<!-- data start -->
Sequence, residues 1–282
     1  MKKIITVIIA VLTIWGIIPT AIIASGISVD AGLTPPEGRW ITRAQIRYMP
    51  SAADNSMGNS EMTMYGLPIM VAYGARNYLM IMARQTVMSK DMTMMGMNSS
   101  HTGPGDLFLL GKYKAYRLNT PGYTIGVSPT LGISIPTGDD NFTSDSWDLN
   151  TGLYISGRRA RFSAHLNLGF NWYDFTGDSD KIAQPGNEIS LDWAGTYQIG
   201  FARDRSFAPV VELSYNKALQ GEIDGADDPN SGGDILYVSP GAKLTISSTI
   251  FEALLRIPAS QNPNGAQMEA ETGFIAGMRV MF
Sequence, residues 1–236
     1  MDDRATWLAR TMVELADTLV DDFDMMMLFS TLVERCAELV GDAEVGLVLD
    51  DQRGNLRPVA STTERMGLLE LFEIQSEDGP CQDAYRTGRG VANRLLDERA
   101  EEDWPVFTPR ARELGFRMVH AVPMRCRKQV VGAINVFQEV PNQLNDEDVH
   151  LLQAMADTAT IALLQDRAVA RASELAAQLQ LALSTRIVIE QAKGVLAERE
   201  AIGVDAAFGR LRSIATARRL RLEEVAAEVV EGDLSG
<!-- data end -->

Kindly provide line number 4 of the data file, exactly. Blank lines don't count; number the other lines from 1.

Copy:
   101  HTGPGDLFLL GKYKAYRLNT PGYTIGVSPT LGISIPTGDD NFTSDSWDLN